I was recently introduced to the quantum optics toolbox in Matlab, written by Sze Meng Tan, which is useful for quickly programming and studying a variety of quantum optics systems. Despite being great, the toolbox has not been updated since 2002.

Now there is QuTiP, a quantum toolbox for Python that is inspired by Sze's work. This software is actively maintained, and comes with a number of useful features. It is easy to parallelize certain tasks, it is more memory efficient, and it is faster. This toolbox has motivated me to learn Python–a surprisingly easy task. The excellent NumPy and Scipy libraries, along with Matplotlib, replicate most of the functionality found in Matlab with a similar syntax. A convenient way to install Python and the libraries that QuTip needs is to grab a copy of the Enthough Python Distribution, or if you already have Python installed to grab the Scipy Superpack. Note: QuTiP is only supported on Unix based systems like Linux or Mac OS X.

What makes this toolbox so great is that it allows you to write programs in a way that mimics how we write out physics problems. The program has lots of built in quantum opjects, such as annihilation, creation, squeezing, and displacement operators, that allow one to write down a Hamiltonian directly. Wigner and Q functions are built in, making it easy to plot quasi-probability distributions.

For example, this is the code used to create a coherent state.

N= 20 #Size of Hilbert Space
alpha= 3 #amplitude of the coherent state
D = displace(N,alpha) # Displacement operator
vac= basis(N,0).unit() # Vacuum state
psi=(D*vac).unit() # create a coherent state. The unit() ensures normalization.

It is easy to great operators as well. For example, let's look at how to create the nonstandard squeezing operator $$S3=\frac{1}{2}(\zeta^{\ast} a^{\dagger 3} - \zeta a^3),$$ where $$\zeta$$ is a squeezing parameter and $$a$$ is the annihilation operator.

a = destroy(N) #annihilation operator
S3=(1/2.0)*conj(zeta)*(a**3)-(1/2.0)*zeta*(a.dag())**3

Note: in Python ** means raise to the exponent. Here a**3 means $$a^3$$.

QuTiP stores our operator as an object. One of the built-in methods allows us to exponentiate this operator so we can act on a state. For example, to create a squeezed state we act on the vacuum state with our squeezing operator, S3, and our displacement operator, D.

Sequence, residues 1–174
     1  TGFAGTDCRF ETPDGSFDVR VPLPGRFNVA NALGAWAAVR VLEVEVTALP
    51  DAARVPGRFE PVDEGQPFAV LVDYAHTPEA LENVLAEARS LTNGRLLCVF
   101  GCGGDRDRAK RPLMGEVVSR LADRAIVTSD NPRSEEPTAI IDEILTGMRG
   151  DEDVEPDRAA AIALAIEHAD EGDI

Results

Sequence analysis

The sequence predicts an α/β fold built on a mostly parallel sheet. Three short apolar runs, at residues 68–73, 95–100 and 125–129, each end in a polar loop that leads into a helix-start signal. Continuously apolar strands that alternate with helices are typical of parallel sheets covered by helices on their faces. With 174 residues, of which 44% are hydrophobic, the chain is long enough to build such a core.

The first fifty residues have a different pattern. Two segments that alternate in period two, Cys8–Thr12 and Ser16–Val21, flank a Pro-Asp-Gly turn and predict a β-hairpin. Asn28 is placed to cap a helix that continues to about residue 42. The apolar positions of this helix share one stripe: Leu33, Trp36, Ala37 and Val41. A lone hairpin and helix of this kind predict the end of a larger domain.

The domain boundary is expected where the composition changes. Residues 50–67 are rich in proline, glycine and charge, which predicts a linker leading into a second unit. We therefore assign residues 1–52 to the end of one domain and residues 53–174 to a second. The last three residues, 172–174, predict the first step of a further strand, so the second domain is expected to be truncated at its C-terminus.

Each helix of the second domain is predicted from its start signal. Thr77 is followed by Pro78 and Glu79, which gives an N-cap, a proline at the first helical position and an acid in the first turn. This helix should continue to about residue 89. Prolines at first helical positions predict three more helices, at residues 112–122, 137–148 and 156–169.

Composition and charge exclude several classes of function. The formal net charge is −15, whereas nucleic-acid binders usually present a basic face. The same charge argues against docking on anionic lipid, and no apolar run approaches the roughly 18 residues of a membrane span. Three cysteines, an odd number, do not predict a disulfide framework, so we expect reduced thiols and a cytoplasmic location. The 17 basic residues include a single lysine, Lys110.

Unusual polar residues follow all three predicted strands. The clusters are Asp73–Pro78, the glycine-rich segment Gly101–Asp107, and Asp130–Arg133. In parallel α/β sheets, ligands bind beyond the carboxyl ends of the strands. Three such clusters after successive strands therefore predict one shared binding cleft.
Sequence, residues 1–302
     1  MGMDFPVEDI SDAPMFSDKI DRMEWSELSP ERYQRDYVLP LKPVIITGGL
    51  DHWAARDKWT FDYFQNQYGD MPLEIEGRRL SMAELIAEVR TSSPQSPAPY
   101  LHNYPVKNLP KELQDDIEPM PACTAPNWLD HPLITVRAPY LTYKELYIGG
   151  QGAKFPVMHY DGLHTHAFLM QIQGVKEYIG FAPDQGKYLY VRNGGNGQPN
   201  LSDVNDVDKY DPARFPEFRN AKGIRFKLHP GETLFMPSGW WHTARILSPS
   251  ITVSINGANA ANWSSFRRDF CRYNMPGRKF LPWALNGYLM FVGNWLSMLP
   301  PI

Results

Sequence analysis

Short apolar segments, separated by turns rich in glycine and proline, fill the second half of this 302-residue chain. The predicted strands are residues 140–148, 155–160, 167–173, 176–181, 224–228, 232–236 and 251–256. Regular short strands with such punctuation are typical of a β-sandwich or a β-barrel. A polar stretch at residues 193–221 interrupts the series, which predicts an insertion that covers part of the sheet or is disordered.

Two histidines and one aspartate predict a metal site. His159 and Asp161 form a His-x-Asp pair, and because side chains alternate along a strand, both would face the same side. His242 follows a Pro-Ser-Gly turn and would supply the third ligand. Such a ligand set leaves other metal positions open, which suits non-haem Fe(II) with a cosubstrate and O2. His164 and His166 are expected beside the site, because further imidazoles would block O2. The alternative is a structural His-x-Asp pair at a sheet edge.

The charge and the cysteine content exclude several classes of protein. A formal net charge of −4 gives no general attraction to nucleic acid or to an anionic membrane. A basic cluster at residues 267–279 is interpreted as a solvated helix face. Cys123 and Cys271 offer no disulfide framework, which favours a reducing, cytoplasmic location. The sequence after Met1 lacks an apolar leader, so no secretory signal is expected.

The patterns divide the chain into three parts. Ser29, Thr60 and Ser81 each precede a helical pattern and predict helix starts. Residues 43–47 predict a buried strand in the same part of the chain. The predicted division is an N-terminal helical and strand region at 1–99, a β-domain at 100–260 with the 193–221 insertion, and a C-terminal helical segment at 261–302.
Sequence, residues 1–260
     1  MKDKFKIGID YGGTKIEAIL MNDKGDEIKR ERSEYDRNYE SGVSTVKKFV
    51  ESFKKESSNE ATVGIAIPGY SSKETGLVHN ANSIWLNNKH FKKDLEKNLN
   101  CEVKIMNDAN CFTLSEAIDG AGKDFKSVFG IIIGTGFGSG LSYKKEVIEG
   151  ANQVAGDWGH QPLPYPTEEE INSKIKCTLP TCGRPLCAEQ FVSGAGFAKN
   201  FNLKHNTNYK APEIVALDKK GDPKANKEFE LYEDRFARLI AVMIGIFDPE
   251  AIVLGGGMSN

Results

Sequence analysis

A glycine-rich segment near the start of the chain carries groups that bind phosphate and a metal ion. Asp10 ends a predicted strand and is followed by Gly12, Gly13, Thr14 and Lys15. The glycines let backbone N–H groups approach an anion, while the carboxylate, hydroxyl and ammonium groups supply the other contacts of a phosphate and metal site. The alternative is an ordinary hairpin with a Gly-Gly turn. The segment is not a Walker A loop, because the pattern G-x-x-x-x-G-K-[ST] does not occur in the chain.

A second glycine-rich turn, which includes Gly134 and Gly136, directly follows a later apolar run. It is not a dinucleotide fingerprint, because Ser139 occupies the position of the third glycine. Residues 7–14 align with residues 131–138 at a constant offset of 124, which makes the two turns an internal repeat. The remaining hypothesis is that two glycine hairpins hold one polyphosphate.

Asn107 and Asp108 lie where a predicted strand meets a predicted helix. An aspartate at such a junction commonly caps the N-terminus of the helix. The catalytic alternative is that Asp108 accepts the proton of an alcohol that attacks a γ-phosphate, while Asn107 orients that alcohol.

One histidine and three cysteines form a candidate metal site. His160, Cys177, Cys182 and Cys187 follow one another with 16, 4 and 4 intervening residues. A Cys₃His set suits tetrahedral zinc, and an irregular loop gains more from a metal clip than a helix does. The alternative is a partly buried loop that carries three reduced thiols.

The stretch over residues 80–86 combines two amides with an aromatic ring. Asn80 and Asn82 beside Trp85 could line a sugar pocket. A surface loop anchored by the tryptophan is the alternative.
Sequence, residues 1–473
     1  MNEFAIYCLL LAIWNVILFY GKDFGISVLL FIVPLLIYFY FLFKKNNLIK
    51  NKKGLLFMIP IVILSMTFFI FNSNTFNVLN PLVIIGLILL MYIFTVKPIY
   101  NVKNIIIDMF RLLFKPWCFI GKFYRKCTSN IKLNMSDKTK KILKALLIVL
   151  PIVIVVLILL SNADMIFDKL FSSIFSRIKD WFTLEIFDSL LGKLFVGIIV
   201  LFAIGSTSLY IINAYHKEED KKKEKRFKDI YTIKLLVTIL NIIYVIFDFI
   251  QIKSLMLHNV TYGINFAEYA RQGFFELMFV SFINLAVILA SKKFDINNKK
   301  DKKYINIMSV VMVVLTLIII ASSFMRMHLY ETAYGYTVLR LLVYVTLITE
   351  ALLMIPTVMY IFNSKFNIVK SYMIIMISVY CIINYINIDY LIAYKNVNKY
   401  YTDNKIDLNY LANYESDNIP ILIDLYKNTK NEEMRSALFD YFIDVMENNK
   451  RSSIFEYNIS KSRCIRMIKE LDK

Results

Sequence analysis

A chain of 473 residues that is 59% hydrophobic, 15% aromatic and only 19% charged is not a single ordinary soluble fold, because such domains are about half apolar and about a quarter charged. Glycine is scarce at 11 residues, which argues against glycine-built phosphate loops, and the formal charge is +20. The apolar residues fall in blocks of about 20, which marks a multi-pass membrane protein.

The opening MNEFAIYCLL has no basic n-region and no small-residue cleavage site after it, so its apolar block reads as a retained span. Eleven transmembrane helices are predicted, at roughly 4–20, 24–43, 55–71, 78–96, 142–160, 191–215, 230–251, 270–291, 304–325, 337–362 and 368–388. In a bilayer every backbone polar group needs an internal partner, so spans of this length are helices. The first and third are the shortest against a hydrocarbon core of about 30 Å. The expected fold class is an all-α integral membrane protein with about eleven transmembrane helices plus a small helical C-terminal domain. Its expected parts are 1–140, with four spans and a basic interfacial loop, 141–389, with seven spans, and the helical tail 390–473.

psi=(D*S3.expm()*vac).unit()

There is an impressive array of examples available from the QuTip website. The authors also have this paper that outlines how the program works, the performance benefits, and some excellent examples.

Here is a simple program I wrote, based on this example in the documentation, to plot the Wigner functions for a series of Schrödinger's cat states (a superposition of two different coherent states). The results are shown in the animated gif below.

# 3D Wigner functions for a series of cat states. #
from qutip.states import *
from qutip.Qobj import *
from qutip.operators import *
from qutip.wigner import *
from mpl_toolkits.mplot3d import Axes3D
from matplotlib import cm
from pylab import *

#setup constants:
N = 20 # size of the Hilbert space
alpha=linspace(0.01,3,60) # values for the coherent state amplitude
a = destroy(N) #annihilation operator
D = displace(N,alpha) # Displacement
xvec = linspace(-9,9,300)
X,Y = meshgrid(xvec, xvec)

k=1 # counter
for x in alpha:

# Define the cat state. It is a coherent superposition of two coherent states.
# Each coherent state is created by the displacement operator acting on the vacuum.
# the unit() function makes sure that the overall state is normalized.

psi=(displace(N,x)*basis(N,0)-displace(N,-1*x)*basis(N,0)).unit();

# plot the wigner function
W=wigner(psi,xvec,xvec)
fig =figure()
ax = Axes3D(fig,azim=-62.5,elev=25)
ax.plot_surface(X, Y, W, rstride=2, cstride=2, cmap=cm.jet,lw=.1)
ax.set_xlim3d(-9,9)
ax.set_xlim3d(-9,9)
ax.set_zlim3d(-.2,0.2)
ax.set_axis_off()
ax.set_frame_on('false')
title(r'$| \psi >= \frac{1}{\sqrt{2}}(|\alpha>-|-\alpha>)$'+r' $\alpha=$'+str(round(x,2)))
savefig("cat_state_"+str(k)+".png") k=k+1;

UPDATE: While I was writing this post, version 2 of QuTiP was released. I haven't had a chance to look at the new version in depth, but this looks like a solid update.